As with last year’s post, I must stress that I don’t think this is a foolproof model, but instead a collection of ideas for a possible way forward in the public library.  In this year’s model, my focus was to improve communication in the library and to narrow down specific jobs and give people more of a focus.  As a teen librarian who does collection development, programming, and also content creation with my teen library members, I have first hand experience in how balancing the three areas can sometimes be a very daunting task.  Sometimes I will be extremely focused on content creation and the other two areas of my job will not be given as much focus.  It happens, but I believe that in order to move ahead we must give the community the best experiences we can provide them with.  Giving them different library services that are sometimes only half focused on will not suffice.

ADMINISTRATION: Includes CEO, Business Manager, Human Resources, and a Library Manager.  The administration is tasked with keeping the library functioning.  They handle all of the behind the scenes events…budgets, insurances, pensions, record keeping, etc.  The Library Manager is the equivalent of the Library Director.  Their role as part of the administration is to add a “librarian” element into the administration team.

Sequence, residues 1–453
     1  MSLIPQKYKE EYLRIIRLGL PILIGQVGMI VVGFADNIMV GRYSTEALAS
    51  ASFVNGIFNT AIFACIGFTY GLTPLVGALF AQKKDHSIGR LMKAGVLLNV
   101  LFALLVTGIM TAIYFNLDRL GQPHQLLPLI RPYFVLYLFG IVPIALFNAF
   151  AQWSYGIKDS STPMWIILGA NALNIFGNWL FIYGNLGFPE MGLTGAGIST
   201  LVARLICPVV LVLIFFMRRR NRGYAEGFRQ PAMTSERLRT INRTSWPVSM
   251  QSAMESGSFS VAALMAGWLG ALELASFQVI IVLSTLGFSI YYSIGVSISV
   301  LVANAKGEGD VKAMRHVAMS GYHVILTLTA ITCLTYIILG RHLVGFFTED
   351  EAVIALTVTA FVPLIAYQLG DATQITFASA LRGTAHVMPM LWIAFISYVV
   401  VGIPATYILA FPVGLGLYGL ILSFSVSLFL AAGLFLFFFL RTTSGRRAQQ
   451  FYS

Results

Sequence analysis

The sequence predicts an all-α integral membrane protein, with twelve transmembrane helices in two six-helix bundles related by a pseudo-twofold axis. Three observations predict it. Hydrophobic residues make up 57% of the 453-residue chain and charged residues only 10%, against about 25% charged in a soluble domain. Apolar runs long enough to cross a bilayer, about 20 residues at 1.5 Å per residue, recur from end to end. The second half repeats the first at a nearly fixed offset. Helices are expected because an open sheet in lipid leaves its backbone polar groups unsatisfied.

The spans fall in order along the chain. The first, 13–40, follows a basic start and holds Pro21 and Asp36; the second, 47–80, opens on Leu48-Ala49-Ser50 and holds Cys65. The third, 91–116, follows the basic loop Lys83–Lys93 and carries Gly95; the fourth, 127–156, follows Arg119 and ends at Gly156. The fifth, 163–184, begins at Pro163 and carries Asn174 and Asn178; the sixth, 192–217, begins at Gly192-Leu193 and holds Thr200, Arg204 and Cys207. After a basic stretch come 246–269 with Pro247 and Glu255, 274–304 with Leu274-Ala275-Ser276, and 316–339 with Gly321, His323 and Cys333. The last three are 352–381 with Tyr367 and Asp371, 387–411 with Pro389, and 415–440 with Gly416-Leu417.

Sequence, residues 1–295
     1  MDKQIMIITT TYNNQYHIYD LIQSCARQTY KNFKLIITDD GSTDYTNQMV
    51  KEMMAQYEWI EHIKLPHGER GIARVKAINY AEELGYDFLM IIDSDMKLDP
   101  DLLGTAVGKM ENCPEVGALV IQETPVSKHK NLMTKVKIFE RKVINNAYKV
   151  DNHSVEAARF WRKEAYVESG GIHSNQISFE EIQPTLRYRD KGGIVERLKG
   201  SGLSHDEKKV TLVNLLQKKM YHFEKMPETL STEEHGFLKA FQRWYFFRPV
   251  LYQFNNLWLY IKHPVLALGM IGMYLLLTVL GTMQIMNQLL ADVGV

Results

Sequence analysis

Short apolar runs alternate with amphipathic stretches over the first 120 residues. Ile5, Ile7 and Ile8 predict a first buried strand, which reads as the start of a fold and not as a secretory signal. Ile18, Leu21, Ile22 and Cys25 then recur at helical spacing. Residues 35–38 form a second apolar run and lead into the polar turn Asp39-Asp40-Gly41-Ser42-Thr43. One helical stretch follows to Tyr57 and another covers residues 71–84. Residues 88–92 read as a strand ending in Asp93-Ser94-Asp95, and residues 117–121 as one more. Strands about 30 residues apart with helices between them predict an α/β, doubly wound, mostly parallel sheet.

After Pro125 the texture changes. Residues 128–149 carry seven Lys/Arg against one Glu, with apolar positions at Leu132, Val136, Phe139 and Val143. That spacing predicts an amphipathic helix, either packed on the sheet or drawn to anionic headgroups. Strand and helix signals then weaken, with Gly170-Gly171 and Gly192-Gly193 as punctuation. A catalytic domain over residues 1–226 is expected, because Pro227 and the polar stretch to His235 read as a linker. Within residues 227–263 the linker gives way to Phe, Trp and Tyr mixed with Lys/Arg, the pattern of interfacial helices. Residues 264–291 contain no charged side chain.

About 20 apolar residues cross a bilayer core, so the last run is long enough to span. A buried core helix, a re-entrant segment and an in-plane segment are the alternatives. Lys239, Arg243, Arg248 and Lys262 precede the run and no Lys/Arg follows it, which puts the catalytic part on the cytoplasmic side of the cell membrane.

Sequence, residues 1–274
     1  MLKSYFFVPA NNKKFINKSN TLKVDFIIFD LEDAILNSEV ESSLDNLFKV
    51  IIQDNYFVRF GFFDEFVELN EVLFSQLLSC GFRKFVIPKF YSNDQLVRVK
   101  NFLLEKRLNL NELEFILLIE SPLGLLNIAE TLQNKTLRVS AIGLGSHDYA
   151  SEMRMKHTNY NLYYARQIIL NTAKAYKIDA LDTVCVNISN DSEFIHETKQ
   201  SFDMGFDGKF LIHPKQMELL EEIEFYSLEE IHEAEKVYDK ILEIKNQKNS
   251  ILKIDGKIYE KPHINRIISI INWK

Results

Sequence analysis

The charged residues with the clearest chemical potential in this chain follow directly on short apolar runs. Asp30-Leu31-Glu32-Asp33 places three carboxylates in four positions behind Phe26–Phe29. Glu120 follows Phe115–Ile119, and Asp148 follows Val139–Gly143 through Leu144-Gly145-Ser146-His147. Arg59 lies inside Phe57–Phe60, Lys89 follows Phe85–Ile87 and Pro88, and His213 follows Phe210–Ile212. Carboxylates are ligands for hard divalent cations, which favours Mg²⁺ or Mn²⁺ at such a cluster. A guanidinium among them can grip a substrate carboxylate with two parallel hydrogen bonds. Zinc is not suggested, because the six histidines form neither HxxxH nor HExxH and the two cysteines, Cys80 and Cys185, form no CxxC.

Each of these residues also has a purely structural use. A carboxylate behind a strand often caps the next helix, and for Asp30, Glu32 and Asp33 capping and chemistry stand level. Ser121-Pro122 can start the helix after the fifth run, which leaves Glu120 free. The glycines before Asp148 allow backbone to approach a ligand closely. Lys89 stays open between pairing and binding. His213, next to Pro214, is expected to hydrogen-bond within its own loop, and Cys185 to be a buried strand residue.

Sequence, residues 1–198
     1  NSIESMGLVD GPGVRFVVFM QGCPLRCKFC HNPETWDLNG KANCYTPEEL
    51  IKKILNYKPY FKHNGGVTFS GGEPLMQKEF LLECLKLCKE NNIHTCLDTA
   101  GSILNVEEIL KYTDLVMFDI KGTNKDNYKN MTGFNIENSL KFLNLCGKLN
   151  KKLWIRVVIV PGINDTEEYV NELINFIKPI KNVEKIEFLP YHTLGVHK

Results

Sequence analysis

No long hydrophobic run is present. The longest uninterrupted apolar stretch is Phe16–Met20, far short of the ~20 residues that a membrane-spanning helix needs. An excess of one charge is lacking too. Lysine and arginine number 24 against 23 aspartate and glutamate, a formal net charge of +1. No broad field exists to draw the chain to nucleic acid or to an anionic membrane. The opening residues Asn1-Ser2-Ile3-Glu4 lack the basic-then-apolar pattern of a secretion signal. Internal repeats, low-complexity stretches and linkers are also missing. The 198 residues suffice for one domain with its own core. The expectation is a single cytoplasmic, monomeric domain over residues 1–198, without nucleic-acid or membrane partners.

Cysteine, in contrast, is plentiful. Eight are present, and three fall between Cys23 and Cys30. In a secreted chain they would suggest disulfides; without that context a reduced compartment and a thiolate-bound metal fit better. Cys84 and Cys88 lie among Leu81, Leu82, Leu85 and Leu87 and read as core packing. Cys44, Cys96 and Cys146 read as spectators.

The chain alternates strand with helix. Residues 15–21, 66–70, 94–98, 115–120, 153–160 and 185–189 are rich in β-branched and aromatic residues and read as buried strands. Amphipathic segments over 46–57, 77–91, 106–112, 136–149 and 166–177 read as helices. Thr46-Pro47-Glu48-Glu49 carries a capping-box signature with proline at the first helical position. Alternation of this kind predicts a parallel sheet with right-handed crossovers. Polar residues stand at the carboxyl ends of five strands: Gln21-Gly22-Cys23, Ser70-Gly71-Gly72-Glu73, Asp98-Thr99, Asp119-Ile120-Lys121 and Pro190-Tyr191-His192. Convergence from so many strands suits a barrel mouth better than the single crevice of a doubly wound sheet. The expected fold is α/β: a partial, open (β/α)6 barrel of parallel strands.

COLLECTORS: Collectors fill a role that most public librarians are involved in currently.  Collectors will first and foremost collec popular materials (books, music, movies, video games, etc in both physical and digital formats) but also work with Creators and Community to collect other locally produced content.  Collectors will have a specific focus (it could be as wide as popular materials or as specific as graphic novels).

CREATORS: Creators are those staff that are tasked with helping library members create unique items.  These items could be physical, digital, or works of art…the creators help the library members bring their vision to life.  Creators will each have a specific focus and training (ex: one person has a focus in recording music) and will work with community members.

COMMUNITY: Community is tasked with programming for the entire library, managing connections with the community and its organizations, social workers, educators, and more.  Their role is designed to provide more focus to the aspect of programming and establishing connections with the community and its organizations.